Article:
What are raisins?
Similar to sultanas, raisins are dried grapes, mainly produced in California, Greece, Australia, Turkey, Iran and Afghanistan. However, they are darker in colour than sultanas having been dried more slowly. Their colour usually ranges from light brown to black.
The variety of grape that’s used to produce raisins affects the size and colour. For example, using the Thompson variety produces a sweet raisin similar to a sultana but with a slightly darker colour. Using a Greek variety of grape can result in a black raisin with a more tart flavour.
They are produced commercially using a three-step process – pre-treatment, drying and post-drying.
The pre-treatment stage of production involves soaking the harvested grapes in an oil or alkaline solution to double or triple the rate of water loss during the drying process. There are three ways to dry raisins – sun drying, shade drying or mechanical drying. Mechanical drying is the most common as it can be controlled to produce a consistent product free from contamination. After drying, the raisins are cleaned in water and the stems and any leaves are removed before a second brief drying phase.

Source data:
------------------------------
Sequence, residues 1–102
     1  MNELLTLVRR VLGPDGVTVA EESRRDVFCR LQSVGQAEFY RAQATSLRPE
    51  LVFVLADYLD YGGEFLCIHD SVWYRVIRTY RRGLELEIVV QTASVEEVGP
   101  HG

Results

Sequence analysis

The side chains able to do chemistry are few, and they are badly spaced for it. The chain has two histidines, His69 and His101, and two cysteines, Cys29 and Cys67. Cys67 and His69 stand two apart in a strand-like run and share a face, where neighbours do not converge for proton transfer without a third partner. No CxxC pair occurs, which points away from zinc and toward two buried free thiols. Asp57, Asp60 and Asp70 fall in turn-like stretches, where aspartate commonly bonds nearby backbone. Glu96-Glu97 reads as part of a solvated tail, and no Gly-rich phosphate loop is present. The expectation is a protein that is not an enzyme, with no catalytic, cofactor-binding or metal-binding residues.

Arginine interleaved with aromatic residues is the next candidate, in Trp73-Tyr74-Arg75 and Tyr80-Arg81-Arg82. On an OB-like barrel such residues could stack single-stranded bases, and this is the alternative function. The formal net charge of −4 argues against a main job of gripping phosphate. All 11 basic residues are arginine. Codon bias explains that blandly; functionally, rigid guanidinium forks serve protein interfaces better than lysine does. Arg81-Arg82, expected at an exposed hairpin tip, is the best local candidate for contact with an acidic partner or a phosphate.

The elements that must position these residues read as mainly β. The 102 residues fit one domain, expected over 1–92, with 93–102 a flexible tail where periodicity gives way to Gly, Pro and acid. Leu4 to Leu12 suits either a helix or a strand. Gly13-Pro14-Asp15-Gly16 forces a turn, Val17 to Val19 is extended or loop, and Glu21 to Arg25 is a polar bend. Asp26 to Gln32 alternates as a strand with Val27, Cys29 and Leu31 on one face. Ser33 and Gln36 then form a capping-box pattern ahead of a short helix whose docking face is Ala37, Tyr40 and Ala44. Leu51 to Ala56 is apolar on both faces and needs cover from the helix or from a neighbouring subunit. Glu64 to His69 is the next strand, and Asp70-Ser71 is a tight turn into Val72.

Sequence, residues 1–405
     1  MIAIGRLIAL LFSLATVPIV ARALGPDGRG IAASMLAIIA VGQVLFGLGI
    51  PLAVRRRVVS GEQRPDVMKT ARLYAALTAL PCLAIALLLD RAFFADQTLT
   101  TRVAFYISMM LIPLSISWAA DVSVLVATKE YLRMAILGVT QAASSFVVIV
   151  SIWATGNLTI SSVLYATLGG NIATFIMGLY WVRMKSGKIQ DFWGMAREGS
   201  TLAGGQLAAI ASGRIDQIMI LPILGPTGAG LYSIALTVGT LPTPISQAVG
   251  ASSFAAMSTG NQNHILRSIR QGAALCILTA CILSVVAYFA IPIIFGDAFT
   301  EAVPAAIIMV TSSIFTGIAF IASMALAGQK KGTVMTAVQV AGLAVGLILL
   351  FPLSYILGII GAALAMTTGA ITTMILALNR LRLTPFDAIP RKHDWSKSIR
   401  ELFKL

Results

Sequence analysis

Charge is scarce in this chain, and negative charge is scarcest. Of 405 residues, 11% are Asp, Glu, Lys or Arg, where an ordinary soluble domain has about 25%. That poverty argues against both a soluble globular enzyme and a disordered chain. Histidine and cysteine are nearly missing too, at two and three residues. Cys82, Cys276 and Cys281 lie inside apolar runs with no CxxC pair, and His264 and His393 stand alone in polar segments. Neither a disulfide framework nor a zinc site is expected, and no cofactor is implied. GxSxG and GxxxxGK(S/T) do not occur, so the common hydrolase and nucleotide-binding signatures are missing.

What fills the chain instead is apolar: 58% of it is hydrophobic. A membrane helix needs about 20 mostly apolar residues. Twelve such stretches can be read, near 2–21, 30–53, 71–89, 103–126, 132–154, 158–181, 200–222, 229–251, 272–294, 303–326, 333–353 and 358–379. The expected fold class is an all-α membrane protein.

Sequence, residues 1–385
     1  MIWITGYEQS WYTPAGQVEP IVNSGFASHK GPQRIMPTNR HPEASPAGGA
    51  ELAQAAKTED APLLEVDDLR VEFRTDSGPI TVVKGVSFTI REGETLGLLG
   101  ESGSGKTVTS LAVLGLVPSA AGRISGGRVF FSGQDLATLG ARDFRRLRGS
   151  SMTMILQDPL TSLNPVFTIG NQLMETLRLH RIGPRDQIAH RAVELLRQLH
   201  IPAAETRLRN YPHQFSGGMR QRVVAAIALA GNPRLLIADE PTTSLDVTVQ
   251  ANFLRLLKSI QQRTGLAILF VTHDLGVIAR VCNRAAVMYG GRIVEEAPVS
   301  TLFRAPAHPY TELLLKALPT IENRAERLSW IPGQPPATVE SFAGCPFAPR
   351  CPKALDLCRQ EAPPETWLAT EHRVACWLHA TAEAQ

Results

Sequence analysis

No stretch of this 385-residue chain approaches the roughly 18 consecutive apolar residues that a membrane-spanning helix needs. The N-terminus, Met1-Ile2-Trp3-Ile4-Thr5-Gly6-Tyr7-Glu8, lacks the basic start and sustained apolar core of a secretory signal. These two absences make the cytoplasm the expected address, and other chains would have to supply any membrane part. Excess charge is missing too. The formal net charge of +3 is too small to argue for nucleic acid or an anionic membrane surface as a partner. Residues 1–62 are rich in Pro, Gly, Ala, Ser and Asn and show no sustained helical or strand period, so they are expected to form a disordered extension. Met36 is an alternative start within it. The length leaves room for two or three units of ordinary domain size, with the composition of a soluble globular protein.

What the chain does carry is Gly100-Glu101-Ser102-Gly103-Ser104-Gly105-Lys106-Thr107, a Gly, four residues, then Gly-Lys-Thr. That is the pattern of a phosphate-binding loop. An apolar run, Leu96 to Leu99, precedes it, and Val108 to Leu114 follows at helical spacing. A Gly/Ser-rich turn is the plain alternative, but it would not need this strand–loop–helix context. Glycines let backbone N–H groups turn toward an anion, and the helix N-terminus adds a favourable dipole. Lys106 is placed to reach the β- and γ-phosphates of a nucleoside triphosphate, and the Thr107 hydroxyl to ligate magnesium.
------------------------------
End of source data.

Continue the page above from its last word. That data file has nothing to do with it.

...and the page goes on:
While raisins can be eaten raw as a snack, they’re also great in muesli, cakes, bread, mincemeat, chutneys and pickles – and, of course, energy balls.
In the UK, we often soak them in alcohol such as rum and brandy, or perhaps lemon juice or tea, before using them in cakes or fruit loaves. However, they are also delicious in Middle Eastern dishes like tagines or as part of stuffings and sauces for lamb, poultry, pork or game.